Technological advances and prom data collection

The rapid progression of alternative technologies, increased connectivity and ease of administration has seen the increasing use of electronic PROMs (ePROMs), allowing data to be collected internationally, locally and in real time. It also gives patients the freedom to complete PROMs using an electronic device of their choosing e.g. tablets, smartphones etc. and at a time that is convenient for them [86]. This is particularly important for patients with unstable conditions or high symptom burden who are likely to deteriorate rapidly [86]. Patients can also opt to complete PROMs prior to clinical visits [36]. Technological advances also offer alternative and adaptive methods for data collection such as audio options for people with low vision and touch screens that eliminate the need for computer skills [36]. Wearable technology and Telehealth are used to capture clinical data, allowing patients remote access to expert clinical care without the need for expensive travel. Incorporating PROM data capture in addition to clinical data would allow clinicians to evaluate the health status of patients between clinic appointments and monitor the impact or side effects of drug from therapeutic interventions [87, 88].

PROMs can be integrated into electronic healthcare records and the use of predetermined threshold absolute and change scores can generate an automatic notification that can be provided both to the patient and the clinical team where follow-up is required [36]. Appointments can be changed if patients appear to be deterioriating or postponed if patients appear stable. Thereby improving access to timely health care interventions while reducing patients’ health and financial burdens, reducing service costs by utilising health service resources appropriately [35]. The Patient-Centred Outcomes Research Institute (PCORI) have developed a comprehensive guide on how to integrate ePROMS into electronic health records [89].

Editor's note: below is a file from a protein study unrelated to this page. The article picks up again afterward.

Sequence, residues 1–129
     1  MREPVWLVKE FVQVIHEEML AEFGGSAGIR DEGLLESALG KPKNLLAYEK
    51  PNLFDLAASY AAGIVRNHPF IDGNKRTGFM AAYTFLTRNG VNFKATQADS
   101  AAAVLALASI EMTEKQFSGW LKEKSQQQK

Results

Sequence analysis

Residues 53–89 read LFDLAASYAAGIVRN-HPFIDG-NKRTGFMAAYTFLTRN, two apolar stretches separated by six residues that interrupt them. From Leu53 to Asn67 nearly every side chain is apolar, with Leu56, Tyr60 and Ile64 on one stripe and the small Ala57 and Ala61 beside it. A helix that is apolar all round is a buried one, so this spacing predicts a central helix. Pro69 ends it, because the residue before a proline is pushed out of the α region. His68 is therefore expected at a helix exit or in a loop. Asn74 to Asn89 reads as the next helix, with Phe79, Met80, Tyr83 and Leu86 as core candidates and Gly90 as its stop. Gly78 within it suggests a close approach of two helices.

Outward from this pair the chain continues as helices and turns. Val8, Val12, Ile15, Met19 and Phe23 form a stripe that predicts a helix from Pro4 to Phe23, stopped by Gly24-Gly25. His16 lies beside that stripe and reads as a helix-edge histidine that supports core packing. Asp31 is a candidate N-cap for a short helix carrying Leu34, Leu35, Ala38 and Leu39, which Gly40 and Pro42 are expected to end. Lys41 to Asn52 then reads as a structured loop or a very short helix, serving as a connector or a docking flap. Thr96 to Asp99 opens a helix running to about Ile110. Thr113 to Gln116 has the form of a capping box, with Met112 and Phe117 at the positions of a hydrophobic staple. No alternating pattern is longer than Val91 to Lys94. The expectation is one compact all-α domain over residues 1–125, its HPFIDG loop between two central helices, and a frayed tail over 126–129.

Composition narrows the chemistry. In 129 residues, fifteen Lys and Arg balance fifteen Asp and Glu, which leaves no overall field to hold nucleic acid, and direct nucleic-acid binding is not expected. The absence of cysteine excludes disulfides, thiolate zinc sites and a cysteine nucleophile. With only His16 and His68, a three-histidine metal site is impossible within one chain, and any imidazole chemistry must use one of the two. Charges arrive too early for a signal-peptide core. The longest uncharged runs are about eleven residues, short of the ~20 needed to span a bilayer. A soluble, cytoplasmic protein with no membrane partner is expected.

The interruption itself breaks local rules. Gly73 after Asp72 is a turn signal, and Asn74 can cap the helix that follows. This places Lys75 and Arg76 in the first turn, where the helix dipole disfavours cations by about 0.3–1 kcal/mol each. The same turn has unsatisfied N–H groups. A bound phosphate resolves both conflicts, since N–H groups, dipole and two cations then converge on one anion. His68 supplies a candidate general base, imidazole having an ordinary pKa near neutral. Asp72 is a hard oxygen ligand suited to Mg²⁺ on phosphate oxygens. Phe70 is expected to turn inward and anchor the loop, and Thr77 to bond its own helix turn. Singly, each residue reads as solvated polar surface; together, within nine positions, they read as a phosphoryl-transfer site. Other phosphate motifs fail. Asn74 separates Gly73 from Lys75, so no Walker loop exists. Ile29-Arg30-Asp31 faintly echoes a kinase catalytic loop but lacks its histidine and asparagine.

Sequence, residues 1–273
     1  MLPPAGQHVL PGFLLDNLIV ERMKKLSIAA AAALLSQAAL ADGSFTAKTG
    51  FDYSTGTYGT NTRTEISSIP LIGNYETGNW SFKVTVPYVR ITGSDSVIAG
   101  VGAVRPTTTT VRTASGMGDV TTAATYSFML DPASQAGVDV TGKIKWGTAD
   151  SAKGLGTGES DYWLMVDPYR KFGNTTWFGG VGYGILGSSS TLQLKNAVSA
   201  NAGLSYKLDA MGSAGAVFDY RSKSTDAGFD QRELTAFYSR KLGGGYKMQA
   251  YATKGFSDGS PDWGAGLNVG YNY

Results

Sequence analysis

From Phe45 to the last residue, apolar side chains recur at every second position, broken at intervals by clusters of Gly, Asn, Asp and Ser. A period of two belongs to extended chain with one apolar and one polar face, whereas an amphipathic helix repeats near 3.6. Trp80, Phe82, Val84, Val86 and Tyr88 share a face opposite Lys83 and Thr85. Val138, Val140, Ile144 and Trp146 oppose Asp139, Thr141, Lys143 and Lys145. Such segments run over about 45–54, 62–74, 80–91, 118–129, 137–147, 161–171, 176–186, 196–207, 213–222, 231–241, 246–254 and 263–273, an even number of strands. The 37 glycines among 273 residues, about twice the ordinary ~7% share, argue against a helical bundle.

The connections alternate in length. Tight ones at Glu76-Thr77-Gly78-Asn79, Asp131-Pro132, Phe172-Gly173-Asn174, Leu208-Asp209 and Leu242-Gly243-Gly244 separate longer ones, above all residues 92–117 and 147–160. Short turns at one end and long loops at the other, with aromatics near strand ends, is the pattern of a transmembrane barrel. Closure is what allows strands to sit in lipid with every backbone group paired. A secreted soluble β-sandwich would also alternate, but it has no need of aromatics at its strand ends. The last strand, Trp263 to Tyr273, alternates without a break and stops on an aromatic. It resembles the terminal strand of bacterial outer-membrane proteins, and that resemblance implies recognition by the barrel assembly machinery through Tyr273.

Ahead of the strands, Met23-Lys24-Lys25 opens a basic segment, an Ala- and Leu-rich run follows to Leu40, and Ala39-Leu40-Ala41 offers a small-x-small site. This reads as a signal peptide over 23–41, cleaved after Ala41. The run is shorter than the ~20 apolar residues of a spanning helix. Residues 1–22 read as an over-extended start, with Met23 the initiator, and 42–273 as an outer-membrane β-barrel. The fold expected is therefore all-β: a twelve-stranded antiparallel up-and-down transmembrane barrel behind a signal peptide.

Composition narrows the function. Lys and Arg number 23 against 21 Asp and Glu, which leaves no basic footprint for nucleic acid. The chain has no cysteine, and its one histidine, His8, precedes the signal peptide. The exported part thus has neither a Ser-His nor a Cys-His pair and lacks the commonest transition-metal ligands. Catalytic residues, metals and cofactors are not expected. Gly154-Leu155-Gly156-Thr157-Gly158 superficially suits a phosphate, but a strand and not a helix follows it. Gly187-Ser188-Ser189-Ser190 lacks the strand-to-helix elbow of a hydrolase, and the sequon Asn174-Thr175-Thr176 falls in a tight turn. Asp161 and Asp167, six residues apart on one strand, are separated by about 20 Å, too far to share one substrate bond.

This paper has highlighted some of the issues that have been identified in using PROMs in rare diseases, however, they are not insurmountable and we have offered a number of potential solutions. Identifying the issues for people living with rare diseases and ensuring that their views are central to health care and policy is paramount. It is also important to remember that having an appropriate PROM in place does not necessarily mean that data can be collected from all patients. Physical limitations, cognitive impairments and age may prevent some patients from completing the PROM. In these instances, alternate methods such as interviews or observer collected data maybe required to enable completion. The International Society for Pharmoeconomics and Outcomes Research (ISPOR) has recently published comprehensive guidance on how this can be achieved [12]. There is also an increasing emphasis on integrating quality PROM data into clinical care enabling dialogue between the clinician and patients and facilitating joint decision making around care options. In some respects this is more important for patients with rare diseases, than other long-term conditions as often their voices are in the minority and their clinical options limited. The use of PROMs potentially provides a more complete picture of their experiences and enables better communication with the clinical team.

Conclusion

Rare diseases can be chronically debilitating or life-threatening conditions, leading to a significant reduction in QoL for both the patient and their families. Small patient populations and a relative scarcity of medical knowledge and specialists in rare diseases make it challenging to understand the burden of these diseases in patients. The importance of ensuring that the patients voice is central to clinical decision making is key to delivering, evaluating and understanding therapeutic interventions. However, this requires ways of evaluating outcomes that reflect patients needs and concerns as well as clinically driven measures and outcomes. The dearth of valid PROMs for use in many rare conditions and difficulties in validating currently available PROMs makes evaluating effective treatments problematic. Patient input throughout the development of PROMs including qualitative research is essential to ensure that outcomes that matter to people living with rare disease are appropriately captured. Given the large number of rare diseases, small numbers of patients living with each condition and the cost of instrument development, creative and pragmatic solutions to PROM development and use may be necessary, such as the development of item banks and use of CAT. Use of PROMs in rare disease research and clinical practice offers the potential to improve patient care and outcomes.